Early Spokane

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Spokan Falls, known as the "Capital of the Inland Empire," was named after the Spokan Indians and the picturesque falls. In 1891, the name was changed to Spokane. The town thrived as a result of the abundant waters of the Spokane River, which powered saw and grain mills, and lured major transcontinental railways to Spokane in 1881. In 1889, a fire destroyed the downtown area, but like a forest after a fire, the town enjoyed growth and resurgence soon after. Spokane would attract people as diverse as Pres. Theodore Roosevelt, Calamity Jane, Billy Sunday, and Charles Lindbergh. Easterners found that its four seasons and profusion of scenic city parks gave them a place to ensure their destiny.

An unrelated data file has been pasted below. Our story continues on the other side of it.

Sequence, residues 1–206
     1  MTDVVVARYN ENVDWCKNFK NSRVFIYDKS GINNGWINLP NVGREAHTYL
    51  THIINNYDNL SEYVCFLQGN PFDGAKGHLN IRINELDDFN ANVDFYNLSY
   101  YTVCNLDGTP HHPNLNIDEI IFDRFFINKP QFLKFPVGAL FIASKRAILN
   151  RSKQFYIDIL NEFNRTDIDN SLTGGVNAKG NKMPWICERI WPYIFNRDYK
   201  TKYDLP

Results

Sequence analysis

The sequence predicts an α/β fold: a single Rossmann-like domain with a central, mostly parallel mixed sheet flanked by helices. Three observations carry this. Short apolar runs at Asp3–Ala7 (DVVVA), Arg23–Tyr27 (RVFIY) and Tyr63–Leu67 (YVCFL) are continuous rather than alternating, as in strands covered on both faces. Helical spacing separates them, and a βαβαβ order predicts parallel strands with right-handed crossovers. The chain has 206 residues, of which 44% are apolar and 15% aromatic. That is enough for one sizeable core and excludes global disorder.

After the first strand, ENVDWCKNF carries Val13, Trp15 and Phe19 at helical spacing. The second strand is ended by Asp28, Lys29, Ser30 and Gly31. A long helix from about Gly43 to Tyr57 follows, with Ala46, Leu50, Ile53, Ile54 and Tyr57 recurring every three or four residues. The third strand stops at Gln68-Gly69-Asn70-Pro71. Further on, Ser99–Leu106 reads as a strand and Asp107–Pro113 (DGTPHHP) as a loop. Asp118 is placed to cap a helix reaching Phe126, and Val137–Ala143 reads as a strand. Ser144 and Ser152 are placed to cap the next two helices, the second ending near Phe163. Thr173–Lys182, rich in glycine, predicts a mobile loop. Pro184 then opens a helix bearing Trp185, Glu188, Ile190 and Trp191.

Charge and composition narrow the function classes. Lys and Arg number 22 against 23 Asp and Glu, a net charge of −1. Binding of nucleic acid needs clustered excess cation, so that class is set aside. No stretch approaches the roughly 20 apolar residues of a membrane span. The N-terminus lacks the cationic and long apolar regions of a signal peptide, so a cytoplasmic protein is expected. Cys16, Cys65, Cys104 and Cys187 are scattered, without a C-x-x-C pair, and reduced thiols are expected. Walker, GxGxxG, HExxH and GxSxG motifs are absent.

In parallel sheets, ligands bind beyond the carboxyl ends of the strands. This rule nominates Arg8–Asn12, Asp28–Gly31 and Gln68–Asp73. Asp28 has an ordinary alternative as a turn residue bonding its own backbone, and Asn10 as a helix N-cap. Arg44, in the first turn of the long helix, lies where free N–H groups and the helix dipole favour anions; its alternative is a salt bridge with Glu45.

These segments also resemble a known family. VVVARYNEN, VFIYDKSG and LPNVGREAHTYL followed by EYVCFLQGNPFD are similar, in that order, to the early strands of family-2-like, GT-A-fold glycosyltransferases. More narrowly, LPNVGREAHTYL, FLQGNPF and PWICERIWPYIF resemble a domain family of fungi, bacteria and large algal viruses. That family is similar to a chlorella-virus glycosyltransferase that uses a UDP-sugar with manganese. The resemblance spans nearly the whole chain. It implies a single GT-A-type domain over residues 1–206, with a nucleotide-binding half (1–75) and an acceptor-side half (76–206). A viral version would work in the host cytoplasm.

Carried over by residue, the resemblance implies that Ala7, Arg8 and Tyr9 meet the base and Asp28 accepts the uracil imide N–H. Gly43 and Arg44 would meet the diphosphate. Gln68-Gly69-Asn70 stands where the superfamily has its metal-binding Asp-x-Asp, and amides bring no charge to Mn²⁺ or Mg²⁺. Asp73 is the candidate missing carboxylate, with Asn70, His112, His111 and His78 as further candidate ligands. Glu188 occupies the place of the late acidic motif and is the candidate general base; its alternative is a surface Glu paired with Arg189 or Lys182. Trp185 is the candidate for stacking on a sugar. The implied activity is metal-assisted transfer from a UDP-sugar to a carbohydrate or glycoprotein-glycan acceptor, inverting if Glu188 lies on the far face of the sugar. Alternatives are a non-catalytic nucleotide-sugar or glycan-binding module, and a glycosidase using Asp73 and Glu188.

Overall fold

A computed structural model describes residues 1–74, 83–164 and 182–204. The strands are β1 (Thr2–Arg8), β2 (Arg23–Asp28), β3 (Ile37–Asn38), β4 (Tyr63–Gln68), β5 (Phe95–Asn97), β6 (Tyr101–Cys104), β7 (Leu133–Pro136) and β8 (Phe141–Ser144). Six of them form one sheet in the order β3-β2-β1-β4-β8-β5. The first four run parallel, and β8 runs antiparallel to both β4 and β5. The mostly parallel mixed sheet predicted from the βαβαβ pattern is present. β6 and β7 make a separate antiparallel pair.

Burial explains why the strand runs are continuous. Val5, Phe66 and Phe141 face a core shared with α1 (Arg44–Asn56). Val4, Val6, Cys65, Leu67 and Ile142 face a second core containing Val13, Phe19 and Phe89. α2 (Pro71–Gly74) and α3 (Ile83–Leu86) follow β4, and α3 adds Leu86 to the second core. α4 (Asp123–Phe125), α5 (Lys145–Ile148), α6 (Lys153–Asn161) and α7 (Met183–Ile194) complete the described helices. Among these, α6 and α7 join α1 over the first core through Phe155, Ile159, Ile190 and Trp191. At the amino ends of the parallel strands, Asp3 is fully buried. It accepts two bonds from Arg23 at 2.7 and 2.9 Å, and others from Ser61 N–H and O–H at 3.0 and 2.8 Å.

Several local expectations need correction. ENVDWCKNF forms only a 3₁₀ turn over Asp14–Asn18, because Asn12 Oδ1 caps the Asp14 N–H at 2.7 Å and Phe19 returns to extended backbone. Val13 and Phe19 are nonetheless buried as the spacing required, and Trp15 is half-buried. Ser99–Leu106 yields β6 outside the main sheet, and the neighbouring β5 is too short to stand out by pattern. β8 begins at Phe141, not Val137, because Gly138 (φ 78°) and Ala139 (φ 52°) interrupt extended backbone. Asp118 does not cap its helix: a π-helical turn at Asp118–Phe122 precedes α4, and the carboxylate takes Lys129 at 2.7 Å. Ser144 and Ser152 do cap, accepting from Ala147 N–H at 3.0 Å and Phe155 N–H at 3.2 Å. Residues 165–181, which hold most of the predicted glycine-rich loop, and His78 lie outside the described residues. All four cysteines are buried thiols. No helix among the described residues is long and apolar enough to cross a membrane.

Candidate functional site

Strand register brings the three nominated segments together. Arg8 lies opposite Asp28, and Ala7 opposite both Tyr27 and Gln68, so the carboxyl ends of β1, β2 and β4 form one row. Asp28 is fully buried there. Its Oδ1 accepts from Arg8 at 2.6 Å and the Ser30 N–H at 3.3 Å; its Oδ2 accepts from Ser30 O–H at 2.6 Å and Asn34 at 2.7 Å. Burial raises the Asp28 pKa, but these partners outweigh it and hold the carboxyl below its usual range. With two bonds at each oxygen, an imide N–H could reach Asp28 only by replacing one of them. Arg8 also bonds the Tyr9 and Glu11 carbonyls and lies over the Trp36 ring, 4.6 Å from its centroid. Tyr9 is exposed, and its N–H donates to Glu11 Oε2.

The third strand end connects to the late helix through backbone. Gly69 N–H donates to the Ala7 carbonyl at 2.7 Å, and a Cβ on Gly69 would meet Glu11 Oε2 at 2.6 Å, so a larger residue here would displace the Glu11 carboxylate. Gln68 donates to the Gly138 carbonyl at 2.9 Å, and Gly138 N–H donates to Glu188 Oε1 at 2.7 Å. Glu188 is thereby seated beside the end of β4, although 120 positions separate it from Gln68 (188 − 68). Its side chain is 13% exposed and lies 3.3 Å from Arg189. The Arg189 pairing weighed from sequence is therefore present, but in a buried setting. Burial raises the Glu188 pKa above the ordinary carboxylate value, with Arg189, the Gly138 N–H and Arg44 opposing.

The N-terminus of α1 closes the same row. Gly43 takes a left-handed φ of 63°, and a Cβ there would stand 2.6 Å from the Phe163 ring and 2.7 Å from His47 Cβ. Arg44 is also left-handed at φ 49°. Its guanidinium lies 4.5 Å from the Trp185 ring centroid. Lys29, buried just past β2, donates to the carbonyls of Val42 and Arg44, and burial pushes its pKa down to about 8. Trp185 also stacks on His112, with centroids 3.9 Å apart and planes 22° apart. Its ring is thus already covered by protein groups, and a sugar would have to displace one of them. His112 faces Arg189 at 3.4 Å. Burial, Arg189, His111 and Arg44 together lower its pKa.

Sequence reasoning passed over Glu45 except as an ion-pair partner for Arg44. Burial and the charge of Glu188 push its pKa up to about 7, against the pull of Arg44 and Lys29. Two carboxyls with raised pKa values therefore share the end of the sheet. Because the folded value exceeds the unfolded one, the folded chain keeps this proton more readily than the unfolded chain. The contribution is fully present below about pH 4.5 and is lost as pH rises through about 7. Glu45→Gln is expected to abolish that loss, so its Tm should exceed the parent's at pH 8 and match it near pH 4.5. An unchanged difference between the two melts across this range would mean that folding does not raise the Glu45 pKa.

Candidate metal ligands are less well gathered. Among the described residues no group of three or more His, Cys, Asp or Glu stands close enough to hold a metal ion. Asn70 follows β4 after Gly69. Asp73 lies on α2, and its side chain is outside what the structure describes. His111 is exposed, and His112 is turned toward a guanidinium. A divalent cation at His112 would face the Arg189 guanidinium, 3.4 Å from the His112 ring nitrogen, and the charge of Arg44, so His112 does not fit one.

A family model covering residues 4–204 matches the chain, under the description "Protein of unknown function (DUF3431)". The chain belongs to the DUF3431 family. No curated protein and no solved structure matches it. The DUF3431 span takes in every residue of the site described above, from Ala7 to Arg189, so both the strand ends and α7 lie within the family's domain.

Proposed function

ISBN: 9780738581453
Format: Paperback
Publisher: Arcadia Publishing
State: Washington
Series: Images of America
Images: 209
Pages: 128
Dimensions: 6.5 (w) x 9.25 (h)
Author Don Popejoy is the sheriff of the Westerner's Spokane Corral and teaches Pacific Northwest history, Lewis and Clark history, American history, and geology for Spokane Community College. He majored in U.S. history and Pacific Northwest history at Whitman College and Eastern Washington University. Author Penny Hutten has written Images of America: Forestville and is the winner of the Editor's Award for Historic Scholarship from the Sonoma County Historical Society. She is currently program deputy for the Westerner's Spokane Corral.
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